Voting Blanc for LePen: Complexities of the French Election
"Mais c'est n'importe quoi!" I shouted across the dining table. I have easily adopted the French passion for politics after my nine months of living abroad in France, and I was finally not afraid to yell at my stubborn, 19 year old host brother when he told me he was voting blanc in the second tour. I tried to explain to him how important these elections were, but my frustration broke my French a part so all I could do was stutter. I had seen this happen in my own country; American's putting Donald Trump and Hillary Clinton on equal ground and responding by not voting at all. Despite this, I had put faith in our country that Trump wouldn't pass. But he did, and because of that, it was hard for me to have faith in France.
A vote blanc in France is a vote for neither party, essentially a statement saying that neither candidate should be elected. From the Citoyens du Vote Blanc, "Je veux participer mais ce que vous me proposez ne me convient pas." Meaning, I want to participate, but what is presented isn't suitable, it isn't right for me. In theory, if above 50% of votes are vote blanc, new elections would be arranged to provide new candidates. However, this is not in place at the moment, so even if 80% of the votes were blanc, whichever candidate with the most remaining votes would be elected. Therefore, a vote blanc is merely a statement, a shout of dissatisfaction into the void. The vote blanc is an important part of the French election process, it gives people the opportunity to be involved and participate in the politics of their country, and to share their feelings of discontentment when they don't feel well represented. But these elections are different. In this year's case, a declaration of dissatisfaction is selfish, and a vote blanc is just about the same as not voting at all.
By voting blanc, and expressing his disapproval of French democracy, my host brother is deciding to share his opinion over making sure that LePen doesn't pass. He needs to remember that abstention and any vote that isn't for Macron is a vote for LePen, and I was fearful that like the American people, French citizens would forget how important individual participation is during these crucial elections.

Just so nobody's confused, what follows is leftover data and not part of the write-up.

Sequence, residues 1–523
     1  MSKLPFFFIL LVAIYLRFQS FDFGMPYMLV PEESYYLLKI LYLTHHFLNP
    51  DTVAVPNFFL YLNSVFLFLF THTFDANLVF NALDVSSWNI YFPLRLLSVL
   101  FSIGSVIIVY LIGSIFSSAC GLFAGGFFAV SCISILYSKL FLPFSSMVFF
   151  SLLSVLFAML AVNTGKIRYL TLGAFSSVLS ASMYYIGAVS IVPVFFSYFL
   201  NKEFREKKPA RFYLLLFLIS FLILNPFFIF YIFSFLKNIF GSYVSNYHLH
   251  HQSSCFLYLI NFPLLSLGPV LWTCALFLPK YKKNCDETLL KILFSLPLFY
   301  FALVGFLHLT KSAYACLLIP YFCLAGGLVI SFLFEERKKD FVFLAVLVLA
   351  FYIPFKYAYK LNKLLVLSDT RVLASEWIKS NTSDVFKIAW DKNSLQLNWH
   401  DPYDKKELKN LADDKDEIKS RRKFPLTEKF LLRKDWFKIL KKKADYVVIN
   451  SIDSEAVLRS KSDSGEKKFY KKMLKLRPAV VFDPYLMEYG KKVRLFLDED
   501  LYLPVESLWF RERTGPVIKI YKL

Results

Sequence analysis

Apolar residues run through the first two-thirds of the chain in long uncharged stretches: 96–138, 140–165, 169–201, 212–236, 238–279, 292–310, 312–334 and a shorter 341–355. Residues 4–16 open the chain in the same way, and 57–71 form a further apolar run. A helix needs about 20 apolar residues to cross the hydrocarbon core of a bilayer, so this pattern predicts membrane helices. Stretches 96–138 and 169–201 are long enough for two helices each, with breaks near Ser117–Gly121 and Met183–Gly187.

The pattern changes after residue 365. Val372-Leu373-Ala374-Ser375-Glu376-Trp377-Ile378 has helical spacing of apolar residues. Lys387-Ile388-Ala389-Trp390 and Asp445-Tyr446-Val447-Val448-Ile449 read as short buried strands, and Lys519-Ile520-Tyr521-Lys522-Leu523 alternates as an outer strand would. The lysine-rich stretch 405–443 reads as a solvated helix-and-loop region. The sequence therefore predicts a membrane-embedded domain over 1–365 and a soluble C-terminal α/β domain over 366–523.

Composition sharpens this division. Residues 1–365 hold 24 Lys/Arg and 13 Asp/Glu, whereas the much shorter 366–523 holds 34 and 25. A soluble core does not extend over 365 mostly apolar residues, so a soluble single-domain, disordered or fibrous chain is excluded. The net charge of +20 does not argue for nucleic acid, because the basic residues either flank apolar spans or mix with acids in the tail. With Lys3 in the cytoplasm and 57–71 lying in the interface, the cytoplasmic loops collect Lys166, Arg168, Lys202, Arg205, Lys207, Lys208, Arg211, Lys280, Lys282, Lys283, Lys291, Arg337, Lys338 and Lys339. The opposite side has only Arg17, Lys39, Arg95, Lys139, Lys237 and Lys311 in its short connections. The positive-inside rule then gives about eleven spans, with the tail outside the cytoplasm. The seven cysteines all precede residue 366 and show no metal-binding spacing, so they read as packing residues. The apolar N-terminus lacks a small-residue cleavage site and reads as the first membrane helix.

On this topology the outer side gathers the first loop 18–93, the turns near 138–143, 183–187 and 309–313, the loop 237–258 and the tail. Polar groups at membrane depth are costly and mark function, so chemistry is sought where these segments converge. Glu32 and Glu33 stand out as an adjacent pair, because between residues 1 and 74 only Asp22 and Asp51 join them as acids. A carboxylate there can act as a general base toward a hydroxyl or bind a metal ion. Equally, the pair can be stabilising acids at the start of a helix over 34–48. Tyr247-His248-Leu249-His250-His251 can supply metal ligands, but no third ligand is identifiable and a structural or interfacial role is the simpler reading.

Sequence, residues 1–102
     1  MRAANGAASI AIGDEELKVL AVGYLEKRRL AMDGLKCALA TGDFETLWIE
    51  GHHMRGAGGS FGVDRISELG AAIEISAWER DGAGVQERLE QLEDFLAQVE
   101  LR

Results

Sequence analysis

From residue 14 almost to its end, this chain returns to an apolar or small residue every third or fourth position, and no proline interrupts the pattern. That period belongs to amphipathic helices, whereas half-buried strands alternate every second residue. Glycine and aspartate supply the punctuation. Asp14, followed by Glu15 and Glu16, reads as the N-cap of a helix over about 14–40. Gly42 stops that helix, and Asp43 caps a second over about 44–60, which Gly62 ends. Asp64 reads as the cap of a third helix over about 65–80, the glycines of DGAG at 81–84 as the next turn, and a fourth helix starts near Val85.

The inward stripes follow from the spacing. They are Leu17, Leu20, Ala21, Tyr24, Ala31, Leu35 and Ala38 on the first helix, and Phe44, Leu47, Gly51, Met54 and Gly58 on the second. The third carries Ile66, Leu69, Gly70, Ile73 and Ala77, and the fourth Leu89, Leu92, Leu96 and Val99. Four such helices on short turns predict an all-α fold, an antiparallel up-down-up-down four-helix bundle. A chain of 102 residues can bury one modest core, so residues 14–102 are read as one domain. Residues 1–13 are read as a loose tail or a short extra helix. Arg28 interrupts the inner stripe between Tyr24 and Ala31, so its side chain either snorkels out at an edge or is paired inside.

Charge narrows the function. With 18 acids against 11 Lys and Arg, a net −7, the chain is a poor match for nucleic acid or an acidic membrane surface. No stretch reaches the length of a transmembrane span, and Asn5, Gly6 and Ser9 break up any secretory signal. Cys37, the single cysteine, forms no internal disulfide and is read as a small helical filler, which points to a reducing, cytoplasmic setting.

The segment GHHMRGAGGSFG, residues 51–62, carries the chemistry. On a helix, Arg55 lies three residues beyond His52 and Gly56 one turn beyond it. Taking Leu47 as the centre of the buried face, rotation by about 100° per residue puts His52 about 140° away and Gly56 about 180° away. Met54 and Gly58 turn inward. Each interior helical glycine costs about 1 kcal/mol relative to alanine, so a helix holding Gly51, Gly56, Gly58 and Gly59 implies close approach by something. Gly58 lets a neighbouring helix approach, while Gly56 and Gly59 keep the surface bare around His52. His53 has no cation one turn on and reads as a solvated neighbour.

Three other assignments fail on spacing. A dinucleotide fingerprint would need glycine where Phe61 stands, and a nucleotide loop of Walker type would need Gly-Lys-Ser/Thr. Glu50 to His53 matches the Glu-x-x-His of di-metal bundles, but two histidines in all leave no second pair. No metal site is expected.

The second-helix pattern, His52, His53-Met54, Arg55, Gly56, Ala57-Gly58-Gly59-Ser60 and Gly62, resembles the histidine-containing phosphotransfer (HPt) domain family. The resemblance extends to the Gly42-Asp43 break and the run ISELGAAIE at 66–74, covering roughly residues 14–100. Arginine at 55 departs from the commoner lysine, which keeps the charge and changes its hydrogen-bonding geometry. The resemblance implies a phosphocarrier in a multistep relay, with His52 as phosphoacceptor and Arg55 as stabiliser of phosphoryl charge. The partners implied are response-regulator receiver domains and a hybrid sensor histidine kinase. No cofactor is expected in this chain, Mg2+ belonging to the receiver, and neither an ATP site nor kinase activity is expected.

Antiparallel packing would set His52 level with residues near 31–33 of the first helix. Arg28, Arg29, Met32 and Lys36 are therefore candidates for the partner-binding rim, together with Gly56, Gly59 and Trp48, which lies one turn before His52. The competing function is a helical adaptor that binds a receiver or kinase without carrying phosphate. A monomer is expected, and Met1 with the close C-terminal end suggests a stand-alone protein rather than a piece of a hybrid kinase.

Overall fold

When I found out Emmanuel Macron was going to be the president of France, the first thing I felt was relief. I was so pleased to see that my new home shared my values, and that I wasn't forced to be in another country with another Trump. The next thing I felt however, was disappointment, and some kind of jealousy. I had been so caught up in my comparisons between the French elections and the American ones that I had forgotten how different French people are from American people. I thought that the whole world was changing their generally open-minded social values, and that with Brexit and the election of Trump, even France would eventually fall to some chauvinistic, nationalist politics. I was disappointed in realizing that my country voted for Trump on it's own, not as a part of some large, chain reaction that was going to lead to the destruction of unprejudiced, compassionate societies. I thought that I could blame the world for what happened in America. I had forgotten that it was not the world's views affecting America's values that brought Trump into power, it was my own system of democracy and American voters who made that decision.
So this election, with all of my warnings to my host brother and my low expectations for France's future president, proved me wrong, and I couldn't be happier. They pushed against the bigotry and hatred that came to light in America, and I like to think it was inspired by our U.S. failures. Now, as an American, I have regained the hope for possibilities, and my urge to fight against the values unearthed by Trump, my American LePen, has grown even more significant.
Originally published by News-Decoder as “I Rediscovered Hope with the Election in France”